AH+: Your talent for juxtaposition is one of the reasons your fans admire your work so much. My personal favourite image of yours is ‘Dior’, as it highlights a lot of truth in our Age. Do you have an agenda with each piece you create in the sense that you want to feature certain elements in one work, or does it form as you start painting?
AG: I rarely have an agenda when I make artwork. I do not plan my concepts in any literal manner before I start a piece. On the other hand, there are always issues and themes that interest me, and which I want to incorporate into my work. The 'Dior' painting obviously deals with the Middle East and its relationship to Western consumer culture and glamour, as well as the juxtaposition of this with the backdrop of militarism and war. These themes just evolved as i began working on my comp for this piece. The original inspiration was simply a Dior ad that had nothing but a woman throwing her head back. The idea of juxtaposing such a ridiculous pose with something more thought provoking just seemed natural to me. There is a massive gap between the reality of life for so many people in devastatingly poor countries and war-torn countries, and the glossy images and products from the West that are ubiquitous here, there, and everywhere. Seeing some poor Afghani kids wearing coca cola shirts, things like that really happen all the time. So i feel like my work simply presents the truth, at least from my point of view.
AH+: Wasthere a moment in your practice that acted as a realization in the direction you wanted to go into with your pieces? I suppose I'm asking was there a point where you realized what potential your work could have with expressing your views/interests?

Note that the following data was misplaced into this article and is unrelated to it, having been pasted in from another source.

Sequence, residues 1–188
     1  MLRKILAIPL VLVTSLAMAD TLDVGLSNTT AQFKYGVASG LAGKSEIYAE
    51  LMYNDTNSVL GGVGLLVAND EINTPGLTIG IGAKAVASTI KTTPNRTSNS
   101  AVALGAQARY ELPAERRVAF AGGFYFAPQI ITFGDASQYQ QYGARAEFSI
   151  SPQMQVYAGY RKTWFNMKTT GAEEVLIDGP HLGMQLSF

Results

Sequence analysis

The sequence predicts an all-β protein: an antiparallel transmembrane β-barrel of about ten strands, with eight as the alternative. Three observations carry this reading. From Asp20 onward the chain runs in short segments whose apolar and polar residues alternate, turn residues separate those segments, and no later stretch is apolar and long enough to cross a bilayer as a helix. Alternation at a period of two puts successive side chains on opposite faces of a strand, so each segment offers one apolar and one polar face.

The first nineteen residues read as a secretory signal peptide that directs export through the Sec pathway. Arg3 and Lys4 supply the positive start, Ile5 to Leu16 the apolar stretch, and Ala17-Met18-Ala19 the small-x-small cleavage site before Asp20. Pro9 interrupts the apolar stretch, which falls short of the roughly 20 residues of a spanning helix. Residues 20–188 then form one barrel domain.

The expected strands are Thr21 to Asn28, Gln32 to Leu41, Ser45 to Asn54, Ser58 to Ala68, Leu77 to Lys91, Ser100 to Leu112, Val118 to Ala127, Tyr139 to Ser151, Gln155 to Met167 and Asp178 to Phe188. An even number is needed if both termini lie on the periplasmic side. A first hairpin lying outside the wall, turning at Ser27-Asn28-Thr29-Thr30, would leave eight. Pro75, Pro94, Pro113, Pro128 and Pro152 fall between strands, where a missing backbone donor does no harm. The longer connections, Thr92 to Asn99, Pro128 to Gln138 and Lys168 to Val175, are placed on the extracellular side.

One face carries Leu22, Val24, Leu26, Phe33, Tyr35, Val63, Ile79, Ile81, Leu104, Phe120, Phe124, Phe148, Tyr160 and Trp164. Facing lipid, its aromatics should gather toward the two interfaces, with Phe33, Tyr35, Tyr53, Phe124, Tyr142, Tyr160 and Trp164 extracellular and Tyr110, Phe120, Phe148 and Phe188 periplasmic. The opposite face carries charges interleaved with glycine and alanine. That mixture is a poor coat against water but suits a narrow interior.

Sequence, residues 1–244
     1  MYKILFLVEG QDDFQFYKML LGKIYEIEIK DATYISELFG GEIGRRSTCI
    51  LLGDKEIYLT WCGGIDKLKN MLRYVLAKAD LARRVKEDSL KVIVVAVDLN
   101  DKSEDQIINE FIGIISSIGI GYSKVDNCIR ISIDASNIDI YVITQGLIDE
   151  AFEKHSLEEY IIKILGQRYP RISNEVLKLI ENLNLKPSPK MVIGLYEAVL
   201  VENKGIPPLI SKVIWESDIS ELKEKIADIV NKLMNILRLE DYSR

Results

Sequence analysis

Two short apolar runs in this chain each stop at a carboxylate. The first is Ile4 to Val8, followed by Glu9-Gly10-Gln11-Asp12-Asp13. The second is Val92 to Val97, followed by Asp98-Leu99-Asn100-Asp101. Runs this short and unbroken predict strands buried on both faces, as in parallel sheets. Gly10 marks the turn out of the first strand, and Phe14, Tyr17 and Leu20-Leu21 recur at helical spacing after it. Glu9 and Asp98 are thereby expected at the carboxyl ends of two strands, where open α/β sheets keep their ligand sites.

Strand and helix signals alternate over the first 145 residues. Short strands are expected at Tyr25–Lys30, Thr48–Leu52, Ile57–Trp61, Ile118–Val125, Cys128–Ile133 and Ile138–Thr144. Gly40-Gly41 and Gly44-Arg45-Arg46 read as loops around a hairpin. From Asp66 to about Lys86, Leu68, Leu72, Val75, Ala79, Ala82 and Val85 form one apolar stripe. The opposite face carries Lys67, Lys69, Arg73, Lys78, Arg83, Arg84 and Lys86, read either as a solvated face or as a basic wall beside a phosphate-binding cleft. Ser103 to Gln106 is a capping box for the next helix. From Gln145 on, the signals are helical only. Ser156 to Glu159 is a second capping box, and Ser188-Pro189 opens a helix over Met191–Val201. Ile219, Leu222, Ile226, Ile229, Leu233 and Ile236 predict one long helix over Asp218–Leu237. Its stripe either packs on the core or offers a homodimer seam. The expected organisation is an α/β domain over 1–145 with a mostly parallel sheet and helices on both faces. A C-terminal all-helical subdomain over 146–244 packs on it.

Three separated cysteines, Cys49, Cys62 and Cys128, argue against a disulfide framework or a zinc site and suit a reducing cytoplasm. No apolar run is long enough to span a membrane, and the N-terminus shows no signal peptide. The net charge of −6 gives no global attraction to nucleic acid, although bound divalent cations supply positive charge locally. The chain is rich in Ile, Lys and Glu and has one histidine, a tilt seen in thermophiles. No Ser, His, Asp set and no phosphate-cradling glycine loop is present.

AG: I don't think there was one moment, or one specific painting, that acted as a catalyst or as a breakthrough piece for me. It’s more of an ongoing process, an evolution. Perhaps the very first gallery piece I did was a sort of a breakthrough for me, as I was mainly doing commercial work before that. In 1998, I did my first personal piece with fine art in mind. It was called "Will Make Good Friend With You" and it was quite different from anything I had done prior.
Now, when I look at that piece, I see how far I have come since 1998. So it was significant for me, but it was also just the beginning of a road that continues to turn in unexpected ways. Every time I work on a new sketch or comp for a piece, I am trying to push something, rather than just repeat myself over and over. I still don't know what the ultimate potential is for my work. I am just working hard on each painting and hopefully when it's all over, i will have pushed it as far as one could reasonably expect.
Alex Gross’ last work, Obedience is premiered exclusively for www.thehommeplus.com
WORDS ETHAN O'CONNOR
SPECIAL THANKS TO ALEX GROSS
For more of Alex's work, visit www.alexgross.com.